1. Genome Database (GDB)
The Genome Database was established at John Hopkins University in Baltimore, Maryland, USA in 1990, and is the official central repository for genomic mapping data resulting from the Human Genome Initiative. In the Spring of 1999, the Bioinformatics Supercomputing Centre (BiSC) at the Hospital for Sick Children in Toronto, Ontario, assumed the management of GDB. The Human Genome Initiative is a world-wide research effort to analyze the structure of human DNA and determine the location and sequence of the estimated 100,000 human genes. In support of this project, GDB stores and curates data generated worldwide by those researchers engaged in the mapping effort of the Human Genome Project (HGP).
2. BC Species and Ecosystems Explorer
BC Species Explorer is the source for authoritative conservation information on more than 6,000 plants and animals in British Columbia. It provides in-depth information on rare and endangered species, but includes common plants and animals. The Ministry of Sustainable Resource Management supports it.
3. Species Lists and Rare Species data collection
The Species Lists and Rare Species data collection is part of the Atlantic Canada Conservation Data Centre (AC CDC). The AD CDC aims to be an authoritative and reliable source for comprehensive, accurate and objective information on Atlantic Canada's natural heritage, with principal focus on the species and ecological communities in our region that are globally, nationally or provincially rare in occurrence and, in some cases, endangered at one or more of these levels.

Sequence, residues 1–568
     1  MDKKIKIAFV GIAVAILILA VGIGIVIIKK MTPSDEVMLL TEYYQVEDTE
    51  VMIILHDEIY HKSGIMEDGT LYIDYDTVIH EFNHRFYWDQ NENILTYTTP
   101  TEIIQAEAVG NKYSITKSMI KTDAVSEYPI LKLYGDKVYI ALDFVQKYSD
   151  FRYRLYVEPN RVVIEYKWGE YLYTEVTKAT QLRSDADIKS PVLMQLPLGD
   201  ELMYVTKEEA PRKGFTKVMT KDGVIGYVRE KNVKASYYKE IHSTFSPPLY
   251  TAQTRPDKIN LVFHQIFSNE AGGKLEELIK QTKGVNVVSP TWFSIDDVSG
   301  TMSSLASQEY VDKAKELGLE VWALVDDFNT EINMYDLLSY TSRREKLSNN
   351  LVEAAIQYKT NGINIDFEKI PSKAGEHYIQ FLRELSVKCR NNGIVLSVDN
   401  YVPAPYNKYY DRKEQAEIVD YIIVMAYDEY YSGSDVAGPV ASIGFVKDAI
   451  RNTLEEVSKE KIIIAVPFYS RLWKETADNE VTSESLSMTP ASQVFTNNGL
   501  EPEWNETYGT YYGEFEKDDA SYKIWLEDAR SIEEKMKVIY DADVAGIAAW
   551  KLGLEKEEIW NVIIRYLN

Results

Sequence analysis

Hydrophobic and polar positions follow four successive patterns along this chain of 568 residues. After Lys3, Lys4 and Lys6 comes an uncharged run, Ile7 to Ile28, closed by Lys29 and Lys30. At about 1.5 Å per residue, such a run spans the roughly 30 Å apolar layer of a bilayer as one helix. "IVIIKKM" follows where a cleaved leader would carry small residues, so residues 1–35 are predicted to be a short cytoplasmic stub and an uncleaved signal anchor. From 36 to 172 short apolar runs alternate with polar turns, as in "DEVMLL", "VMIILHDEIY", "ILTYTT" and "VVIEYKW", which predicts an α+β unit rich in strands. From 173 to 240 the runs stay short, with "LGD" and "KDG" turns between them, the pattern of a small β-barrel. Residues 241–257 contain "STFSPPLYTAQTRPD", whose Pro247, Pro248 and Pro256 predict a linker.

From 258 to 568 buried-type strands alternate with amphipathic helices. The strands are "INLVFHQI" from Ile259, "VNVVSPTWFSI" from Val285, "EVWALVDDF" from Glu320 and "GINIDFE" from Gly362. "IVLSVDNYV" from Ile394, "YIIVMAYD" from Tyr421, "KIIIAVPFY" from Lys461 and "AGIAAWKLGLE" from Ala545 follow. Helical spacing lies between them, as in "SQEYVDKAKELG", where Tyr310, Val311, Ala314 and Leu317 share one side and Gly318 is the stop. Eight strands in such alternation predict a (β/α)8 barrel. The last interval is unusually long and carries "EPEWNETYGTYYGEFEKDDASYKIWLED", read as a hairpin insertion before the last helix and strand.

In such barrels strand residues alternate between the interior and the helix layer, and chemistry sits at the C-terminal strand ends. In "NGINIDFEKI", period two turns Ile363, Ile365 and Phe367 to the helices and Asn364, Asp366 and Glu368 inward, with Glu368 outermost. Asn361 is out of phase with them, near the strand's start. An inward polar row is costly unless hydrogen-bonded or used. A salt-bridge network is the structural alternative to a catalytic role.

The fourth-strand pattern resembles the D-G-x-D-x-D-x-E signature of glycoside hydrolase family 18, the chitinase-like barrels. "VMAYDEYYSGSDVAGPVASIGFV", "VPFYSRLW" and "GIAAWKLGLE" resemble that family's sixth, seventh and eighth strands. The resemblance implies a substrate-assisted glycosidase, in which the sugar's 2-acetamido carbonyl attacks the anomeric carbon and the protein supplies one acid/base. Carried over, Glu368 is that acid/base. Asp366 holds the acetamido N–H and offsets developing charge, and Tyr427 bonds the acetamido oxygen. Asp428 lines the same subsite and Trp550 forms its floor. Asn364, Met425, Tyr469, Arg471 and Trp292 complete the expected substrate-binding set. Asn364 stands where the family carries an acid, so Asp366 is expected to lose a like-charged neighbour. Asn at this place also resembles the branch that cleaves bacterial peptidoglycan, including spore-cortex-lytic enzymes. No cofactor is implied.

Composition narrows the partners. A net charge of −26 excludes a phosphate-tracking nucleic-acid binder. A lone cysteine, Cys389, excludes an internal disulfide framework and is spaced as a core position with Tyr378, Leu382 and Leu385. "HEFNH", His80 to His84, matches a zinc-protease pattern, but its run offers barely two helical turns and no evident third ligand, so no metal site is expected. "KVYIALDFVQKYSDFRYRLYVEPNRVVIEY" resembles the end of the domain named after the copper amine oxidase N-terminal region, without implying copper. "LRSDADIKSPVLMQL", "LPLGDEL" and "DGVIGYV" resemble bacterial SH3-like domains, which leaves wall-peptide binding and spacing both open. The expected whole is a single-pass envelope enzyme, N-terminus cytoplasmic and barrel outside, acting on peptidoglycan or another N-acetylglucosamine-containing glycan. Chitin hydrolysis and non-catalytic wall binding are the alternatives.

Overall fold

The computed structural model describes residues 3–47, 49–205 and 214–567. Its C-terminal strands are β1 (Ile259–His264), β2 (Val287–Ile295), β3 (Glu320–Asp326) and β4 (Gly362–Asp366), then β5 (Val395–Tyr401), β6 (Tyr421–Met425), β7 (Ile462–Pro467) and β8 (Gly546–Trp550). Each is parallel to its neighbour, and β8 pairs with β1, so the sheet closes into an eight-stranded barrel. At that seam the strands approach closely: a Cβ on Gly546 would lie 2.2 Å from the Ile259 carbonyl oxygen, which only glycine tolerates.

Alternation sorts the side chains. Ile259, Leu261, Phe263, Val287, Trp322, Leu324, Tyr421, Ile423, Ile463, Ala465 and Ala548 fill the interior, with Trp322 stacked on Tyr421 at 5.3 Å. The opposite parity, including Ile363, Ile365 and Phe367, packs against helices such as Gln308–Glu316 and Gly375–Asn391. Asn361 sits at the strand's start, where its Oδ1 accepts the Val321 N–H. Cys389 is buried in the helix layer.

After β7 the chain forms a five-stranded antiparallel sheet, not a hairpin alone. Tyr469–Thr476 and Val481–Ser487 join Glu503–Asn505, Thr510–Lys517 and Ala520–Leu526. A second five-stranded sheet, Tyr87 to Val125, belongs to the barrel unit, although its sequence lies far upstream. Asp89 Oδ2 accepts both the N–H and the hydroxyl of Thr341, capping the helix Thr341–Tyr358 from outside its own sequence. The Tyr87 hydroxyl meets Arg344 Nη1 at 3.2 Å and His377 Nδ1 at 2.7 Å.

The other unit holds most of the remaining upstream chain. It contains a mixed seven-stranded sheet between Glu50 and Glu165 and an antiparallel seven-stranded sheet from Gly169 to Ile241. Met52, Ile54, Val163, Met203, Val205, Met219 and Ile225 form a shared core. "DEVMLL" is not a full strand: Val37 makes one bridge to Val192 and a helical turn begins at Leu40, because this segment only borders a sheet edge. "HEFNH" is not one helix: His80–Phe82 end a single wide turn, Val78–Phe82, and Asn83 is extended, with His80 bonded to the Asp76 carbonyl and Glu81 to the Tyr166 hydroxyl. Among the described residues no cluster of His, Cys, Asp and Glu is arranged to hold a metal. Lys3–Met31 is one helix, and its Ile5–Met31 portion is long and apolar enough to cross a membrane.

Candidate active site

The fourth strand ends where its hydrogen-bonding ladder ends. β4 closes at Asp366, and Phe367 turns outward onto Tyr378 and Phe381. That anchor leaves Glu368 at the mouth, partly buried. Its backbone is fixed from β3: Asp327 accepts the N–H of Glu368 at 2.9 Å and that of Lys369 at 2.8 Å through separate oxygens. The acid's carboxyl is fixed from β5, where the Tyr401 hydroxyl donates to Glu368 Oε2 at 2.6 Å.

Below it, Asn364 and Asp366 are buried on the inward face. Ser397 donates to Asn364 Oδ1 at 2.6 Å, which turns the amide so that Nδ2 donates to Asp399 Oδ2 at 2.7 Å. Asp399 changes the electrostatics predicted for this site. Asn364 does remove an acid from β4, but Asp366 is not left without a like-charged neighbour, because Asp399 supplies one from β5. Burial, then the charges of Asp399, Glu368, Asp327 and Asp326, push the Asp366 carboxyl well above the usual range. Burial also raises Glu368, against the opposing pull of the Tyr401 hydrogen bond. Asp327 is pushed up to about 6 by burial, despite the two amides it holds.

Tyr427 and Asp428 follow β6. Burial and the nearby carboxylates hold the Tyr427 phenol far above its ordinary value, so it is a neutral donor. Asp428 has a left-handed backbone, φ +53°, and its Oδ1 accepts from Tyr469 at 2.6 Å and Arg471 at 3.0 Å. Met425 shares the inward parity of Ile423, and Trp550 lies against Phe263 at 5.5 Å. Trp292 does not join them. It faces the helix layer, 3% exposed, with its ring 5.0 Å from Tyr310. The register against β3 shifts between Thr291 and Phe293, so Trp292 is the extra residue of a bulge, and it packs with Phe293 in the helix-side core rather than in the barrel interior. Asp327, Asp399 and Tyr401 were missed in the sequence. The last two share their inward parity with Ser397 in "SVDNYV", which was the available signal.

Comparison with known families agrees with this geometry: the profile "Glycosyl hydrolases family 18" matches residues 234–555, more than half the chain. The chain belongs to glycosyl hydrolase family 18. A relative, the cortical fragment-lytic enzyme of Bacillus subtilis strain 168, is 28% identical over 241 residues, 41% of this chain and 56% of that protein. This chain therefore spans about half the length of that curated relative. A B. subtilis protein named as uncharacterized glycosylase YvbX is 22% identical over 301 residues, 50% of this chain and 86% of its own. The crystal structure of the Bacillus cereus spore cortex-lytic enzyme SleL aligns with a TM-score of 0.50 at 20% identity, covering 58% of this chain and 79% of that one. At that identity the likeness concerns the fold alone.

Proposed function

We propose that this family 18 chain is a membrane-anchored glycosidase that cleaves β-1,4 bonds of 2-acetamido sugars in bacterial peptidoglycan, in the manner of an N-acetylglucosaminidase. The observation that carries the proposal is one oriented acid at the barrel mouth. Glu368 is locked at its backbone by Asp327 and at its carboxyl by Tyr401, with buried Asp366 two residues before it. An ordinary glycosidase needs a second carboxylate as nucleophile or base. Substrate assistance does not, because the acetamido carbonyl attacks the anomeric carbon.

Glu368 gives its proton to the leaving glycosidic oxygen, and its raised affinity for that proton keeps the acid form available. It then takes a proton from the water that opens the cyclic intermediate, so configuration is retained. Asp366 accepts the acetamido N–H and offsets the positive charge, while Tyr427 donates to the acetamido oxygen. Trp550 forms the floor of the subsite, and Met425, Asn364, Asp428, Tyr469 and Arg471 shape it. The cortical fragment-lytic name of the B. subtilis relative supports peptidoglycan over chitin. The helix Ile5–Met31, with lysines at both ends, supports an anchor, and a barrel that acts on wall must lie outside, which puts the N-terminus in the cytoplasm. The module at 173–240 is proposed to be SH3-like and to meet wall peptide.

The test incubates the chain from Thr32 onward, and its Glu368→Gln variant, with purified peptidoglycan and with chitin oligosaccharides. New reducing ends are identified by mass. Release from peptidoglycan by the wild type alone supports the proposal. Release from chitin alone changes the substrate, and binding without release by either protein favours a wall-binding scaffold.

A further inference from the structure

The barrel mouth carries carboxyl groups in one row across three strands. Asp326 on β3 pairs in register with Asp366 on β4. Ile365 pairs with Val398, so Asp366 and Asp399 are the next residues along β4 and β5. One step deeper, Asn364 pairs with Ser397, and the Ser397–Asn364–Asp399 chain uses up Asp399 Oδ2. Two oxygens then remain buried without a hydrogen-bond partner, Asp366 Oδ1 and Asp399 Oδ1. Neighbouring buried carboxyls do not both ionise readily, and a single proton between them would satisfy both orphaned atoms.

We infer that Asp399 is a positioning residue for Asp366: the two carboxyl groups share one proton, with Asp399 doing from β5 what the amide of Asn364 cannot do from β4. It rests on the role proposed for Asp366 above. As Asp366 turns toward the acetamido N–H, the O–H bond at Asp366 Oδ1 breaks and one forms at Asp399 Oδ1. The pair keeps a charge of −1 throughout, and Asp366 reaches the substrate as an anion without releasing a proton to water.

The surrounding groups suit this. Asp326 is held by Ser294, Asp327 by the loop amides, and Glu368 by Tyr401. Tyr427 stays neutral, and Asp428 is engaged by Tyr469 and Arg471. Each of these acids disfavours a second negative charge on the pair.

4. Arab Genetic Disease Database
The Arab Genetic Disease Database (AGDDB) is a comprehensive repository of clinical and molecular data on genetic diseases occurring in Arab populations. The data is curated by the Arab Genetic Disease Consortium, headed by Dr. Ahmad S. Teebi of the Toronto Hospital for Sick Children.
5. Genome Sequence Centre
The Genome Sequence Centre, Vancouver, BC is constructing a BAC-based fingerprint map of the bovine genome. This effort is funded jointly by the United States Department of Agriculture (USDA) and the Alberta Science and Research Authority (ASRA). The resulting map will be an important resource for the field of bovine genomic. The goal is to generate a total of 280,000 whole-clone HindIII fingerprints from the BAC library RPCI-42 constructed by P. de Jong from the Holstein Bull white blood cell DAN, and a second library to be constructed from Hereford DNA British Columbia Genome Science Centre.